Eventually, it’s revealed that Kami is of Filipino descent, but it took basically the whole chapter. I mean, just tell me that to begin with? Don’t make it a mystery we have to spend a whole chapter to solve by having two characters be racist at her, especially when one of them’s obviously her love interest down the line? He’s presented as less offensive than his cousin–oh, yeah, the jackass is his cousin!–but immediately dismisses the cousin as “harmless.”



But yeah, it’s just (racist) dudes being (racist) dudes, right? So it’s okay. And there’s where we get toxic masculinity on top of the racism, because all men’s behavior towards women is fine, as long as another man can rationalize it or dismiss it as harmless, a joke, etc. So Kami brushes off the jackass cousin because look how handsome and less-racist the bartender is!

I won’t dignify the rest of this novel by reading it.

63 - Women in Love

#63 – Women in Love, by D.H. Lawrence

DNF @ page 100, because all the characters were similarly awful, and this far in there was still no sign of either a plot, or the two love affairs that the back cover blurb assured me were the point of the novel.

When I say the characters are “similarly awful,” I mean a lot of damning things. They’re all petty and shallow; easily overcome by violent emotion which renders them dazed or speechless or, in one case, actually violent; deeply self-absorbed and without much in the way of compassion or empathy; and prone to philosophical debate at the drop of a hat, no matter where, when, or how it might contravene social etiquette. There’s abysmally little in the way of personality to differentiate between any of them.

As early as the third chapter, I remarked to my husband, “This book just seems like an excuse for Lawrence to have angry debates with himself,” because one of the characters most guilty of this is apparently a self-insert of him. In that chapter, his avatar (Birkin) goes to the classroom of Ursula, observes her lesson for a moment, proceeds to tell her in no uncertain terms how she should be teaching it and how she’s missing the point entirely, and then the woman who’s trying to gain Birkin’s affection (Hermione) appears, and she and Birkin have an involved philosophical debate. Ursula is still there, and saying nothing, and I’m pretty sure at some point the students left for the end of the day, but never is there any explanation of why Birkin came to see Ursula (in fact, he seems to quickly forget she’s even there), or how Hermione knew Birkin was there for her to barge in upon. And Ursula never shows any reaction to having her class disrupted.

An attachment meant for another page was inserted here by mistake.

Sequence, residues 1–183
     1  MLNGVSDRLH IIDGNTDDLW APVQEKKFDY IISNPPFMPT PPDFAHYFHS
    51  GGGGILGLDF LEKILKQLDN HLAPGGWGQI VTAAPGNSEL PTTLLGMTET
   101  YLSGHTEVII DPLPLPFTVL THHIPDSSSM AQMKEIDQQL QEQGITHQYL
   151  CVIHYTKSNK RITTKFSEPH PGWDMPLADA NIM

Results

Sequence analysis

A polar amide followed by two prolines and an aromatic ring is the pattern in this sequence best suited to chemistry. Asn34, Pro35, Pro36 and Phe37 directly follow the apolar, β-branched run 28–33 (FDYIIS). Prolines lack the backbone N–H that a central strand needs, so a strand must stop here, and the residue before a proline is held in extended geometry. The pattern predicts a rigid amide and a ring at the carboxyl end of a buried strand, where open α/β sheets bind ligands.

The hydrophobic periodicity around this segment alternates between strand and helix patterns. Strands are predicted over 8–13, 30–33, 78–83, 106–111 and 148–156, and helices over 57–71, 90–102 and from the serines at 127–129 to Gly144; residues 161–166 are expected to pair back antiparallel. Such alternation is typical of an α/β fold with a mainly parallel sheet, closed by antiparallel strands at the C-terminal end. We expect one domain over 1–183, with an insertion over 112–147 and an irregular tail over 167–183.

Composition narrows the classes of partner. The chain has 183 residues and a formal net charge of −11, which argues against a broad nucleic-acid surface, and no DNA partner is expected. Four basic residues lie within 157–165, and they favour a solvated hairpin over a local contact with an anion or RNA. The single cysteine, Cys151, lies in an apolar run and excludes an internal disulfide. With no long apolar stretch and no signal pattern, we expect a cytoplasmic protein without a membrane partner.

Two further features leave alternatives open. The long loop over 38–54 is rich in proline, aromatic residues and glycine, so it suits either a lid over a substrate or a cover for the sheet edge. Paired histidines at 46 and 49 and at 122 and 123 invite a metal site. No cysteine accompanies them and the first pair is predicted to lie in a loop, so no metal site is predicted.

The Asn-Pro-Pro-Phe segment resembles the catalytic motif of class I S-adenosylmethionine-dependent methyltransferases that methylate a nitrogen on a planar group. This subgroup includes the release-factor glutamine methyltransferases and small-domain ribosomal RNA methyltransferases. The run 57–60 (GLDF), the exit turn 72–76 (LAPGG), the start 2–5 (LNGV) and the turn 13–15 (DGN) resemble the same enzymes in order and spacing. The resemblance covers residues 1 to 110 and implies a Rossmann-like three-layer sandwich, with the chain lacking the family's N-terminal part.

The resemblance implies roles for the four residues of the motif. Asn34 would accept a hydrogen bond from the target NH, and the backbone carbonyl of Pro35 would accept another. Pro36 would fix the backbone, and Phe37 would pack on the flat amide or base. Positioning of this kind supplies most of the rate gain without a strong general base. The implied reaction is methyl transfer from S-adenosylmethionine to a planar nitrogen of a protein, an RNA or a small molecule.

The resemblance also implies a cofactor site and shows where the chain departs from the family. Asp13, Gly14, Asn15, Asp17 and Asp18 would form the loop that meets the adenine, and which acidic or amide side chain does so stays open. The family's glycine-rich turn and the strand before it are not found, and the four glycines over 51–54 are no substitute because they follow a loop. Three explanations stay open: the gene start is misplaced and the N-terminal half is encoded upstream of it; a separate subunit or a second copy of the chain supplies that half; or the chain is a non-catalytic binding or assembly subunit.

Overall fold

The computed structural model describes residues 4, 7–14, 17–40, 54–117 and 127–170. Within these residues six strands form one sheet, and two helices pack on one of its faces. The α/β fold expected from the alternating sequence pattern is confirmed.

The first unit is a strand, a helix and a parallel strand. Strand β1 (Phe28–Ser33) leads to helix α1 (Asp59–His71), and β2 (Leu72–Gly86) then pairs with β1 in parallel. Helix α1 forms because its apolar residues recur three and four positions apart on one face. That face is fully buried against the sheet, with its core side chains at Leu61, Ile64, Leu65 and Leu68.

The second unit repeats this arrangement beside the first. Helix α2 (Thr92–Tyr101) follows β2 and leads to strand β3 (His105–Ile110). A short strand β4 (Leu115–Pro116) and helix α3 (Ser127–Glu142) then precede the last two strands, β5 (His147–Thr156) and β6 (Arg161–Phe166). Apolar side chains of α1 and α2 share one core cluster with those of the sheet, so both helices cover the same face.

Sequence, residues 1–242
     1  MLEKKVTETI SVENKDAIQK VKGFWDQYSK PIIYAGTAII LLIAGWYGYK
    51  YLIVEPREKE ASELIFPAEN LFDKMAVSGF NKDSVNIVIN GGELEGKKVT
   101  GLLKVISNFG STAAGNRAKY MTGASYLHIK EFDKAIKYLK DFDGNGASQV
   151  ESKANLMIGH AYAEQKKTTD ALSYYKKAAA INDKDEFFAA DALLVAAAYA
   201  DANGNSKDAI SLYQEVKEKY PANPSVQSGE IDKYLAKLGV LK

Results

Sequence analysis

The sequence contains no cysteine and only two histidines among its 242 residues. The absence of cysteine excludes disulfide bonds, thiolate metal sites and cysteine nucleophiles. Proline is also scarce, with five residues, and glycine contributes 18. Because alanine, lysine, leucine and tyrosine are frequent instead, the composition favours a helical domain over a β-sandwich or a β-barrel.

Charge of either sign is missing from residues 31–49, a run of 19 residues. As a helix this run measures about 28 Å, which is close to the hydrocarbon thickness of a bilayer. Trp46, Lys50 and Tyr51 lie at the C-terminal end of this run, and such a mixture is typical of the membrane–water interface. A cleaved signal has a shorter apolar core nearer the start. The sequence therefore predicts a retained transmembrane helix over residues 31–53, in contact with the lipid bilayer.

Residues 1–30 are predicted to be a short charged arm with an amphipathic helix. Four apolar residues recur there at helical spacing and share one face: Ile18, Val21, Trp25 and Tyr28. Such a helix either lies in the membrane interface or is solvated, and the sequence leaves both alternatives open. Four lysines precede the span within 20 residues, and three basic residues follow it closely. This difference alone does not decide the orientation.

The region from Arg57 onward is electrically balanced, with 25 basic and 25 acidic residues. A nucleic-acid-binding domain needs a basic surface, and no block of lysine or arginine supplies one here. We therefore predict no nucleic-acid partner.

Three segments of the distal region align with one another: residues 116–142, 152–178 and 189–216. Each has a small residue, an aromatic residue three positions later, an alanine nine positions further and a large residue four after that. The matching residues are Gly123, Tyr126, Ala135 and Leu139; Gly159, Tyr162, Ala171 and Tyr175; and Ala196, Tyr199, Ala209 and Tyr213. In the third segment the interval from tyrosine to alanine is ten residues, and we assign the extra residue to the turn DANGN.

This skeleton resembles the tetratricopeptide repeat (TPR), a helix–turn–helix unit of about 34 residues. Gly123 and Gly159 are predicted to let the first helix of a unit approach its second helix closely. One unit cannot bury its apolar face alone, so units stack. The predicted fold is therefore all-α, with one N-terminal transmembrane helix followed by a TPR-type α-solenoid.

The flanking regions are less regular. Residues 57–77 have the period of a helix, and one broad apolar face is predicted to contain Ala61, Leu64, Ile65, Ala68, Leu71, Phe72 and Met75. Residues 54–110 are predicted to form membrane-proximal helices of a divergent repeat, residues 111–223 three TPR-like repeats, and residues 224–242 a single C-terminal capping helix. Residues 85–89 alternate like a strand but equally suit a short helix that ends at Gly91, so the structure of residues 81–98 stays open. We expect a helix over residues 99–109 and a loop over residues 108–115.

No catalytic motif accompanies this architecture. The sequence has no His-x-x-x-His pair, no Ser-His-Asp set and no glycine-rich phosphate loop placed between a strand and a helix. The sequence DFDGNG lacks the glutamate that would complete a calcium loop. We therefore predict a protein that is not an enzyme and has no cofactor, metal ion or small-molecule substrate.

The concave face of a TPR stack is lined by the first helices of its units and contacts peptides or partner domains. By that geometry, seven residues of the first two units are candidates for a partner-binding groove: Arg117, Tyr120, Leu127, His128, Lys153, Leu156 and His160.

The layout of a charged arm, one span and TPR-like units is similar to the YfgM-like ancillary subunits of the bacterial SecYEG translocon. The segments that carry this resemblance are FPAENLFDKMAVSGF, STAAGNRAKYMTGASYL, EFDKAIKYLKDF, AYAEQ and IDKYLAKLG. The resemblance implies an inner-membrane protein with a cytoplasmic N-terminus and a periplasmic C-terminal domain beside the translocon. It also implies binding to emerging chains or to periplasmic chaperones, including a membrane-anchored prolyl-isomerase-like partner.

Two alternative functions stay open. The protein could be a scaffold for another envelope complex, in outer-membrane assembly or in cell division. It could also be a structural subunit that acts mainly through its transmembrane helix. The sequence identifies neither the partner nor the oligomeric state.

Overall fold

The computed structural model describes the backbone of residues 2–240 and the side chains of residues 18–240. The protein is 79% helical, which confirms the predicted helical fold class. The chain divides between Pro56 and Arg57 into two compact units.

If there was any point to that chapter other than making a stage for Lawrence to proclaim his values upon, I can’t find it.

Also, for a book supposedly about women in love, there’s an awful lot of homoeroticism between Birkin and Gerald, who’s supposed to have an affair with Ursula’s sister Gudrun somewhere down the line. There’s a great affection implied between them, even as Lawrence tells us there’s also a drawing-back, even a repulsion of each other. Afraid to get too close, hm?

Basically, all the characters dislike each other virulently, and I couldn’t take it anymore.

All that being said, Lawrence does have the occasional eye for beauty in his words, with frequent and powerful juxtapositions of meaning to give vivid life to his descriptions. I found myself jolted out of my boredom with the story several times just turning a particularly lovely phrase over in my mind, exploring how eloquently he could describe a state of being.

Sadly, that’s not enough to make me want to finish the book, given that everyone is so detesting and destestable.

64 - Simon vs. the Homo Sapiens Agenda

#64 – Simon vs. the Homo Sapiens Agenda, by Becky Albertalli

  • Read: 5/7/18
  • Rating: 5/5 stars

It was amazing. I laughed out loud, I got teary-eyed, though I never quite cried. Simon is a darling, “Blue” is hilarious, and even though I went to high school twenty years ago, everything about this seemed authentic to me–technology has changed teenagers that much.

My only criticism is minor, and may have been exaggerated by how quickly I read this: I didn’t seem to get all the nuances of Simon’s closest circle of friends right away. We’re introduced to a lot of characters quickly, which would normally be a complaint for me, except this is a high school setting and (for once) the MC isn’t a loser loner. So yeah, he’s got a lot of friends. But we don’t get much about them at first, and later in the book I realized this is a deliberate sign of Simon’s cluelessness and confusion about other people, but as a reader it was the tiniest bit confusing to me.

Super minor, though. I did figure out who Blue was, but only at the very last possible minute, like one chapter before the reveal. I might have gotten it earlier if I’d had a better sense of who was who, but it didn’t diminish my enjoyment of the book much at all.